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The Morochucos are the cowboys of the plains of the Peruvian Andes, living mainly in the Region of Ayacucho. They raise cattle and tame horses for their livelihood, and they engage in other typical activities of a cattle-horseman cowboy. They are comparable to other cowboys of Latin America such as the qorilazo, the cowboys from Cusco, also in Peru, the Chilean huaso, the Argentine/Bolivian/Uruguayan gaucho, the Brazilian vaqueiro, the Colombian/Venezuelan llanero, and the Mexican charro.
Morochucos are known for their bravery and strength. They are descendants of the Almagristas who fought in the Battle of Chupas, and more recently, participated in the war between Peru and Chile.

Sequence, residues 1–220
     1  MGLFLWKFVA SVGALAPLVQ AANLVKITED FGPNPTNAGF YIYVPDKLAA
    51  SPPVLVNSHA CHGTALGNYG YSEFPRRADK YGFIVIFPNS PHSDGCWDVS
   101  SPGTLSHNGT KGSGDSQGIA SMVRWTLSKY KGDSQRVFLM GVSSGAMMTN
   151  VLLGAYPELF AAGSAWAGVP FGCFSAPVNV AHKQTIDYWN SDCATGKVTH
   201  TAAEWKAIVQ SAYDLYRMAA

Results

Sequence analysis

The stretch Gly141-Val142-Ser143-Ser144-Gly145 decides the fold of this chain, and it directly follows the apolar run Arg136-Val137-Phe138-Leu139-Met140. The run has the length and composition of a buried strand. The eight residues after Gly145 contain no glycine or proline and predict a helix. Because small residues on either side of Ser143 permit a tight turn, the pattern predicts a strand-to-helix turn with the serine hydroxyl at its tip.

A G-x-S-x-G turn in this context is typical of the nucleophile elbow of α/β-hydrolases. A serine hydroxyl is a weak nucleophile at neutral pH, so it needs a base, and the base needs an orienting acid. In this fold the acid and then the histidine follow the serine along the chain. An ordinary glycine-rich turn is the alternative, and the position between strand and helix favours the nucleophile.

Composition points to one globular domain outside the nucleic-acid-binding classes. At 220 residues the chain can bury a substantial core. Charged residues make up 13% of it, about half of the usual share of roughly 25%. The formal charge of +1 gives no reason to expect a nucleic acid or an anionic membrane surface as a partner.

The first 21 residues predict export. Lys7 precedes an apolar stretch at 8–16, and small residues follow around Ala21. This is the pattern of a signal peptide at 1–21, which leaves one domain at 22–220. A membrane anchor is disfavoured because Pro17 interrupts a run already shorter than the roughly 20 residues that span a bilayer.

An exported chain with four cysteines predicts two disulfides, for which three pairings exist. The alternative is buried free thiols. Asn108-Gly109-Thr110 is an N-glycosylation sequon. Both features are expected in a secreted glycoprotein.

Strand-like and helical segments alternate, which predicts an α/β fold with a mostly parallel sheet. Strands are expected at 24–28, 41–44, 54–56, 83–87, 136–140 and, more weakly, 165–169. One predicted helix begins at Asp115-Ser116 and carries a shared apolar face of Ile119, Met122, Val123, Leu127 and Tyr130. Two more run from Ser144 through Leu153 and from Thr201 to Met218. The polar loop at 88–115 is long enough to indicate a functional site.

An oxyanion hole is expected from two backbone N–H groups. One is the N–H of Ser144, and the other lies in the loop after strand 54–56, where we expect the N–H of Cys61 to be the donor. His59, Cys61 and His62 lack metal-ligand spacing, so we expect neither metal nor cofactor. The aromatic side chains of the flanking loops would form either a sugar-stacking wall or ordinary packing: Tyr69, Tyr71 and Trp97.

Their clothing is adapted to the cold of the Andes. They wear flat-brimmed hats similar to those of the Argentine gauchos, below which they wear a chullo with the lappets tied to the face and an alpaca scarf. On the torso, they wear a black or gray vest beneath a poncho. They fit a strip or sash around their waist and wear knee high black boots with Peruvian or common spurs. They use their horses to move the cattle, surround the cattle, or tame other horses. They enjoy horse races and rodeos in their fiestas as well as bullfights. They also participate in the festivities in Ayacucho, especially during the Holy Saturday during the Holy week of Easter. They rope-pull the bulls in the streets of Huamanga, Ayacucho in a celebration called "Jala-toro" (bull-pulling) in which the bulls are released in the heavily crowded streets. While the people play with the bulls, the morochucos pull on the ropes holding the bulls before the people are hurt or charged.